Notwithstanding the mindblowing irony of someone like Trump addressing issues of morality, the Values Voters were wildly enthusiastic about the speech. The part that got the most rousing round of applause was when he informed the Values Voters that he was going to make it legal to say "Merry Christmas" again:
America is a nation of believers, and together we are strengthened and sustained by the power of prayer. George Washington said that “religion and morality are indispensable” to America’s happiness, really, prosperity and totally to its success. It is our faith and our values that inspires us to give with charity, to act with courage, and to sacrifice for what we know is right.
The American Founders invoked our Creator four times in the Declaration of Independence -- four times. How times have changed. But you know what, now they're changing back again. Just remember that... Religious liberty is enshrined in the very first amendment of the Bill of Rights. And we all pledge allegiance to -- very, very beautifully -- “one nation under God...” To protect religious liberty, including protecting groups like this one, I signed a new executive action in a beautiful ceremony at the White House on our National Day of Prayer, which day we made official.
We are stopping cold the attacks on Judaeo-Christian values... And something I've said so much during the last two years, but I'll say it again as we approach the end of the year. You know, we're getting near that beautiful Christmas season that people don't talk about anymore. They don't use the word "Christmas" because it's not politically correct. You go to department stores, and they'll say, "Happy New Year" and they'll say other things. And it will be red, they'll have it painted, but they don't say it. Well, guess what? We're saying “Merry Christmas” again.
Okay, just hang on a moment.
"People don't talk about" Christmas any more? Then explain to me why this year the department stores started putting up Christmas decorations in September. And I'm going to say this loudly, one more time, as plainly as possible:
I know a lot of liberals, atheists, agnostics, secularists, and what-have-you. And not a single one of them gives a flying rat's ass if you say "Merry Christmas" or not. The only two things I have ever heard any of them gripe about, apropos of the Christmas season, are the following:
- Saying "happy holidays" instead of "merry Christmas" is polite because it's an acknowledgement that not everyone thinks like you do. It's a way of saying, "I realize you may have a different set of beliefs, and that's okay." It's not a slap in the face to Christians, it's not a way of belittling or eliminating Christmas from the national consciousness (hell, the retailers wouldn't let that happen anyhow), and for cryin' in the sink, it's not an "attack on Judaeo-Christian values." It's simply saying, "I recognize that my beliefs and attitudes are not the center of the whole damn universe."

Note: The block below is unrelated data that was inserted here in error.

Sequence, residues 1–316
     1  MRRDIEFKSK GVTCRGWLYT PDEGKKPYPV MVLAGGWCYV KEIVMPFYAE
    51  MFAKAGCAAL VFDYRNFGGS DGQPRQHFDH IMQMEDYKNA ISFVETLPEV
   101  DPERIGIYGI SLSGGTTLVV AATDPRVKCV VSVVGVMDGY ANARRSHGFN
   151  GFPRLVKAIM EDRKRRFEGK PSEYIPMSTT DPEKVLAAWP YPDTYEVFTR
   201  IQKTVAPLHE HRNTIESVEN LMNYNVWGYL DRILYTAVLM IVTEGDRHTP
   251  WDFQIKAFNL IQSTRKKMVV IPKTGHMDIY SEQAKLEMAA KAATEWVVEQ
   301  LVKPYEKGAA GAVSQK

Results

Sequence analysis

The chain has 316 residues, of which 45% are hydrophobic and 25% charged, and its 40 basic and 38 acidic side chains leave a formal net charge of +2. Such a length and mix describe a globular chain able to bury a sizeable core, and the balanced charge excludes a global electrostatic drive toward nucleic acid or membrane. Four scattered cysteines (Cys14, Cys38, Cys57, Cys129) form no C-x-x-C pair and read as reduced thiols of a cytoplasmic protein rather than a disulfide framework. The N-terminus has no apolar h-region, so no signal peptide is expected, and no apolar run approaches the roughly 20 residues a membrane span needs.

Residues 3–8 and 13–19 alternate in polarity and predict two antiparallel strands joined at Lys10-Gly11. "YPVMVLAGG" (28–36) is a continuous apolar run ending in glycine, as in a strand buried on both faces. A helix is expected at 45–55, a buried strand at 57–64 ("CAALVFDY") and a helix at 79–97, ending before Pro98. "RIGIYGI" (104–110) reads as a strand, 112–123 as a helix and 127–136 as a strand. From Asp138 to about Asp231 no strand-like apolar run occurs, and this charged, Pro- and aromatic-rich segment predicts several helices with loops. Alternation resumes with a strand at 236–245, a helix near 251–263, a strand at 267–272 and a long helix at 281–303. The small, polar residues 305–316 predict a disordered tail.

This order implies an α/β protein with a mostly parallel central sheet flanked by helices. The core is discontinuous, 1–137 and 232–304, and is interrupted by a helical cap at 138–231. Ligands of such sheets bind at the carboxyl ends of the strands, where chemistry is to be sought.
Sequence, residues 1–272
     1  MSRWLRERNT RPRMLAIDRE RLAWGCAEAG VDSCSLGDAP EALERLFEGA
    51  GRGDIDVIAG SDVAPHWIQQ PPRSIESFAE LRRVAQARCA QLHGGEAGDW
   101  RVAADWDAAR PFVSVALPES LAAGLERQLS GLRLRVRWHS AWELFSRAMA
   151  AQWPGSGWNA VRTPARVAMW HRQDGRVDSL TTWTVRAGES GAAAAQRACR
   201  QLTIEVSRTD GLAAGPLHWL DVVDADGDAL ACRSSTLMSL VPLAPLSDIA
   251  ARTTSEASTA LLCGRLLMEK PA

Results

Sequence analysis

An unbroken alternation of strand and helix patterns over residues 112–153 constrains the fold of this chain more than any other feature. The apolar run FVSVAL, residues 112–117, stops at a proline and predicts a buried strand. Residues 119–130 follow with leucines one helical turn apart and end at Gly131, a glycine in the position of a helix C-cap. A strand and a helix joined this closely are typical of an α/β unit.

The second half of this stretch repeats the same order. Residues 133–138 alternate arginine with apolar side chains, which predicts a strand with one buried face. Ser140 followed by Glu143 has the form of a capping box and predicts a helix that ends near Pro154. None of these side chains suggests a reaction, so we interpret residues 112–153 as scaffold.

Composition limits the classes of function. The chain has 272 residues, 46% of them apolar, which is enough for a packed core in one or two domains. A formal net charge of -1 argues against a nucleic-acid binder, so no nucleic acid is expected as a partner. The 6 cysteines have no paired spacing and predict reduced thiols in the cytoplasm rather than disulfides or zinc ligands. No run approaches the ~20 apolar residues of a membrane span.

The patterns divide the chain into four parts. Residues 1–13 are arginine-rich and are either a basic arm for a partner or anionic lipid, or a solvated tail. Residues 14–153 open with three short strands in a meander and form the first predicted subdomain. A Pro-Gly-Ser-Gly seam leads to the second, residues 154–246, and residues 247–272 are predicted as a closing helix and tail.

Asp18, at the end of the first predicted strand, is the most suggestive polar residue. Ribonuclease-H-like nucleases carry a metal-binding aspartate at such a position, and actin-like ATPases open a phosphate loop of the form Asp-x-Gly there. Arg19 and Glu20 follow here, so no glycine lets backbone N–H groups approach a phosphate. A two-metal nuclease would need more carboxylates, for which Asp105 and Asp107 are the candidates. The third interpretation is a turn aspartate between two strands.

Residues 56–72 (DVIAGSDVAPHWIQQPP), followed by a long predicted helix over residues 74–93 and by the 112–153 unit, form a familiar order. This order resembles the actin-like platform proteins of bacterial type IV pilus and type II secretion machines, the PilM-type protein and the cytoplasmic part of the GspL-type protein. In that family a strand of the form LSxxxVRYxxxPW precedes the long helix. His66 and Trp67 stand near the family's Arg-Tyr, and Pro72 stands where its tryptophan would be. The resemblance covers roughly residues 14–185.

- For the same reasons outlined in #1, Christmas displays should not be put up at the expense of taxpayers. No one has any objection to privately-owned businesses, much less homeowners, putting up Christmas displays using their own money. Hell, I'm about as atheist as they come, and I don't care if you want to put up a Christmas display so garish that it interferes with air traffic and then stand on your roof wearing nothing but a Santa hat shouting "Jesus is the Reason for the Season!" at the top of your lungs. Whatever floats your boat, you know? But if you're using tax money -- i.e. money collected from all American citizens, regardless of their beliefs -- you shouldn't be putting up displays promoting one religion (or, honestly, any religion at all).
And the whole "America is a nation of believers" thing is more than a little troubling. What does that imply? That by not being a believer, I'm not an American? Or that I should just pack up and leave? If you think that last bit is just me being alarmist, only two days ago I saw a post of a photograph of a sign in a shop window (don't know where it was taken) that said, "Here, we are ONE NATION UNDER GOD. We say Merry Christmas. We defend ourselves. We salute the flag. We worship Jesus. And if you don't like it, LEAVE."
To which I'd respond, if I had the chance: I don't honestly care what you do. You can live at the church and surround yourself with American flag wallpaper and salute it 24/7 with a gun in each hand, if that's what you want. But if you imply that I'm not an American -- if, in fact, you're saying I don't have a right to live here -- because I don't do the same thing, I think you're sorely misunderstanding both the Right to Free Speech and the Separation of Church and State.
What it boils down to is that 99% of non-religious people don't object to, or even care, what others believe. They're more concerned with not having a requirement of belief rammed down their throats. Okay, there are some asshole atheists who do disparage Christianity and Christians, and would love to see religious belief eradicated. But you know what? If you think that assholery is limited to the atheists, you aren't looking at other groups very carefully.
But messages of tolerance and live-and-let-live don't sell well to the perpetually outraged members of the Values Voter Summit, who think that Christianity is besieged and that Donald Trump is the Second Coming of Christ at the very least. So if any people of that stripe are reading this, allow me to reassure you.
Relax. Chill out. We atheists have no intention of doing to you what you'd like to do to us.